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RIAI Reiterates Call for ‘Property NCT’ to Foster Culture of Compliance on Housing Standards

Published: Thursday, November 09, 2017


The Royal Institute of the Architects of Ireland (RIAI) welcomes assurances from the Housing Minister, Eoghan Murphy, that legislation will be introduced to impose tougher sanctions on landlords who are found guilty of putting people's lives in danger with unsafe accommodation.  However, the RIAI believes that in addition to the proposed legalisation there needs to be measures put in place to foster a culture of compliance. The RIAI is calling for a ‘property NCT’ for rental accommodation. 

RIAI spokesperson on housing, John O’Mahony says: “We are reiterating our call for a property NCT approach as we believe it is vital to centralise the various processes of registration, letting and inspection.  The system of enforcement would be based on Smart Regulation principles, where certificates are renewed every four years and displayed in the hallways of properties, providing tenants with details on how to report instances of non-compliance.”

The RIAI is calling for:

  • National Housing Standards which would apply to all housing (both rental accommodation and private dwellings)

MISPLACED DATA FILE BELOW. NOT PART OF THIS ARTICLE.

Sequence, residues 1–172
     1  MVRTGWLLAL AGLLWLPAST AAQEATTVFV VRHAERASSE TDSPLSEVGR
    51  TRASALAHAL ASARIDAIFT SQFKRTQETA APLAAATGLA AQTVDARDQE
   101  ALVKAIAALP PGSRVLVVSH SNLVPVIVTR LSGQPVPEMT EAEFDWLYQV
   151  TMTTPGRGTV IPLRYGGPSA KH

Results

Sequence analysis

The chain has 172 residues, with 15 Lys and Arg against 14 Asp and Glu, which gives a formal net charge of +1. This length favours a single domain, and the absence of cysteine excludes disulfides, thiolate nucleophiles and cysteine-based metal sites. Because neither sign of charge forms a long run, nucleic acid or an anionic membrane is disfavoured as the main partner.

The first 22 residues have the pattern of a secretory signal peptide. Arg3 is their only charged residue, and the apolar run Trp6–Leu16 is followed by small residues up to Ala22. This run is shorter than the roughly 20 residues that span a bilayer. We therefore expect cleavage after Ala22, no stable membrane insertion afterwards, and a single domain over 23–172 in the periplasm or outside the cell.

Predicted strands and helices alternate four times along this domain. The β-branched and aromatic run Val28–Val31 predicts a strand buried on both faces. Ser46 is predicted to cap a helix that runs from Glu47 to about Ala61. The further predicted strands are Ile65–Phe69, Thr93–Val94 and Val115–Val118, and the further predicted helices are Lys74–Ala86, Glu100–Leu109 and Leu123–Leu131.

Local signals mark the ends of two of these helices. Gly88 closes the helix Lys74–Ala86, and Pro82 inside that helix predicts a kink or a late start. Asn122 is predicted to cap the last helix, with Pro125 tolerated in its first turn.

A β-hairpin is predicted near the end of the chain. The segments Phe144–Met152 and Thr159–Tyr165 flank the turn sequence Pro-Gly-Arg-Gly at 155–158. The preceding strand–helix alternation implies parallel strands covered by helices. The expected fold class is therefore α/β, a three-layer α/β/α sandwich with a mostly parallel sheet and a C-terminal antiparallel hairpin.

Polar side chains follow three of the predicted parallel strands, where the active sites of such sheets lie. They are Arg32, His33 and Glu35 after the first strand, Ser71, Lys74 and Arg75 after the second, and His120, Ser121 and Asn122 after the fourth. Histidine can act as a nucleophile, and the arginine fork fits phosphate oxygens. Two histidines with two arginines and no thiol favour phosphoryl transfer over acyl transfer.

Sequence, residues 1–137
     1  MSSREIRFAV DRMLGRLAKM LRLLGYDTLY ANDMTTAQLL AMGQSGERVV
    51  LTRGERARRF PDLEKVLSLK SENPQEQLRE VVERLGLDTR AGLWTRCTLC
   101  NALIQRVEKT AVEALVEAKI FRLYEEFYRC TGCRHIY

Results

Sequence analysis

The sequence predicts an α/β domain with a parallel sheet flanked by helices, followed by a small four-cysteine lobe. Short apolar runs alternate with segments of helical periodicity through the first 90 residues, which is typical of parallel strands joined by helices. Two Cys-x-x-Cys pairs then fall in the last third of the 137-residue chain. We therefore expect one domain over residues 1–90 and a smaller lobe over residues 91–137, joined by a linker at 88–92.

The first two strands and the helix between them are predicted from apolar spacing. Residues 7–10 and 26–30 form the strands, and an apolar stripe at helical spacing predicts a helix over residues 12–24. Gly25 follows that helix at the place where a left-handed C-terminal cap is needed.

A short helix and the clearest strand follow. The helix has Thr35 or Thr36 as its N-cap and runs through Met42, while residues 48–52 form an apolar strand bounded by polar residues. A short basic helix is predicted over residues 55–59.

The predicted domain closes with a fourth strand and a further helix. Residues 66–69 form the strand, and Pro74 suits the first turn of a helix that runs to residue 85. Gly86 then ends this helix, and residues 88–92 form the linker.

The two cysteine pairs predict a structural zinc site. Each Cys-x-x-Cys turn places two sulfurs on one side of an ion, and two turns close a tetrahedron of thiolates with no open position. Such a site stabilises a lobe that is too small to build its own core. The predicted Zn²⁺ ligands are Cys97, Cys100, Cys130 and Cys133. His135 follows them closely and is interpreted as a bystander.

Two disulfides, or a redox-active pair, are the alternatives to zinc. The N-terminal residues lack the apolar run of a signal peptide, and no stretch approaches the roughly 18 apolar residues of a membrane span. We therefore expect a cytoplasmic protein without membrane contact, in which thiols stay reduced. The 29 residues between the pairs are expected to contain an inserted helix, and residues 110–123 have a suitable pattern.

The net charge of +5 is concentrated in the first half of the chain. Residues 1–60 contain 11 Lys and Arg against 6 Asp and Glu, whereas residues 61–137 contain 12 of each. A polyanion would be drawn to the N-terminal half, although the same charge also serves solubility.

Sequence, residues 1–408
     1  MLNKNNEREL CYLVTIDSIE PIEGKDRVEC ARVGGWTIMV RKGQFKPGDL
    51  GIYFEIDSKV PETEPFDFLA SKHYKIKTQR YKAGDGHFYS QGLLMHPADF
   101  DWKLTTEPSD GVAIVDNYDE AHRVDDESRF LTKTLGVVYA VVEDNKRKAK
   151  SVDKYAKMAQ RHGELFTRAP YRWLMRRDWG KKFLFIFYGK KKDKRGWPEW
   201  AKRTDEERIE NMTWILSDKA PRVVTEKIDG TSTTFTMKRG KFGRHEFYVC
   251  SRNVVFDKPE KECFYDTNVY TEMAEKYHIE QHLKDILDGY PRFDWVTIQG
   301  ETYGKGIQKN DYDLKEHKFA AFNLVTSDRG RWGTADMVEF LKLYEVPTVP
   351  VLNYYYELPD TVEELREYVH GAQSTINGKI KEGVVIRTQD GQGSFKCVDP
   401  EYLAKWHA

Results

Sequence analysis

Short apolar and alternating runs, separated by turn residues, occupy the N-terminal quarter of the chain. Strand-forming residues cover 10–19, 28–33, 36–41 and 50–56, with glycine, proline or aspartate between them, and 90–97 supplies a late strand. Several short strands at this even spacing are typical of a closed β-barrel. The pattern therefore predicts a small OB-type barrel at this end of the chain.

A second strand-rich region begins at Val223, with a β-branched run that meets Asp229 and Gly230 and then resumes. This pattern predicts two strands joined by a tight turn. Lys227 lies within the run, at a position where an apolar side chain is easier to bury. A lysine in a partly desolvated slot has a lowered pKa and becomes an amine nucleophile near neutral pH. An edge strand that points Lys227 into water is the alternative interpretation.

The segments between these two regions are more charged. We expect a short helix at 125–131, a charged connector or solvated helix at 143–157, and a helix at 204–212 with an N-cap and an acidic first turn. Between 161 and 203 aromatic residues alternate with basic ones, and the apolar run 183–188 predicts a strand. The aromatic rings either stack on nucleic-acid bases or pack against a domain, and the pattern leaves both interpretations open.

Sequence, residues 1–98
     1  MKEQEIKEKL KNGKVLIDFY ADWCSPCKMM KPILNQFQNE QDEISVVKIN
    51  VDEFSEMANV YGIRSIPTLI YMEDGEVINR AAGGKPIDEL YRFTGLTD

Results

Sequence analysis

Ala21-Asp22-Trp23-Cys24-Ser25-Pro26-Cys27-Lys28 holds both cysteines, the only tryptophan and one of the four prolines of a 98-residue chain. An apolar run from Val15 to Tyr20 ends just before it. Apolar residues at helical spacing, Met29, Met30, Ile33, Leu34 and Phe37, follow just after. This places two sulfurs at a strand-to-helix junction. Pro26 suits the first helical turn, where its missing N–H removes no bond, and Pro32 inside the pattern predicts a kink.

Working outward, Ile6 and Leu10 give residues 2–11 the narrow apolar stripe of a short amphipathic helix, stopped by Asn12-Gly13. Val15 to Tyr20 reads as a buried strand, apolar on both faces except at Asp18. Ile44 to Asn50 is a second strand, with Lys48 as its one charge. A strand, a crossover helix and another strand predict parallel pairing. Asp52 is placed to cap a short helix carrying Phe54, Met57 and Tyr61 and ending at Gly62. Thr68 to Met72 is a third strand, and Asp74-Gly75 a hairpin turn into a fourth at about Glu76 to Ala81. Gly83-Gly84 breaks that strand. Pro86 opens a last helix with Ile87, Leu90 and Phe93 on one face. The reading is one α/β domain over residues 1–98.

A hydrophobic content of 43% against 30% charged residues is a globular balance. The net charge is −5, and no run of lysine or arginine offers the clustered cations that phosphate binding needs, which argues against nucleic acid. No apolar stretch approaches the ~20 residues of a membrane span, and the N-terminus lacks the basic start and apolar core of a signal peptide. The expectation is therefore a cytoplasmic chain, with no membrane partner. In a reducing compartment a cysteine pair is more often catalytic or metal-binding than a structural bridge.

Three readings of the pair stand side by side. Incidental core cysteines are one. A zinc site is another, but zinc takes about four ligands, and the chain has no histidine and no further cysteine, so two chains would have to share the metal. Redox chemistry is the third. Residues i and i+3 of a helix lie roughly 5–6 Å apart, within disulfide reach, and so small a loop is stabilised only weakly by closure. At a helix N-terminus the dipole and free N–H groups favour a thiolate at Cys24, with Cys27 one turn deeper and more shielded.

• Inspection, registration and certification of rental accommodation measures
  • Enforcement of Housing Regulations to address existing substandard accommodation
  • A system of planning controls to prevent the continuing and unauthorised development of multi occupancy (‘Pre 63’) housing

In 2009, research by the RIAI in three areas of Dublin city showed that less than 10% of the houses converted to multi occupancy use were authorised by planning permission. Almost 50% of the 325 properties surveyed at the time, like those featured in the RTE programme, were found to be in illegal multi occupancy use.  The RIAI provided its findings to the Dublin City Council Strategic Policy Committee (DCC SPC) on Housing, along with recommendations for adoption. 

In June 2015, a detailed report was completed by a sub-committee of the DCC SPC, in consultation with the RIAI and Threshold, which called for the introduction of a ‘property NCT’ system and a single set of comprehensive housing standards applicable to all housing.

John O’Mahony added: “In March 2008, RTE broadcast a programme on substandard housing almost identical to that recently aired.  Almost ten years later, little has changed. Unless meaningful steps are taken to address the fundamental causes of illegal and uncontrolled development of substandard housing, the most vulnerable elements of the housing rental market will be condemned to continue to suffer these conditions with serious consequences for the health and wellbeing of tenants.”

Categories: Architecture | Housing | Press Releases | RIAI Press Release


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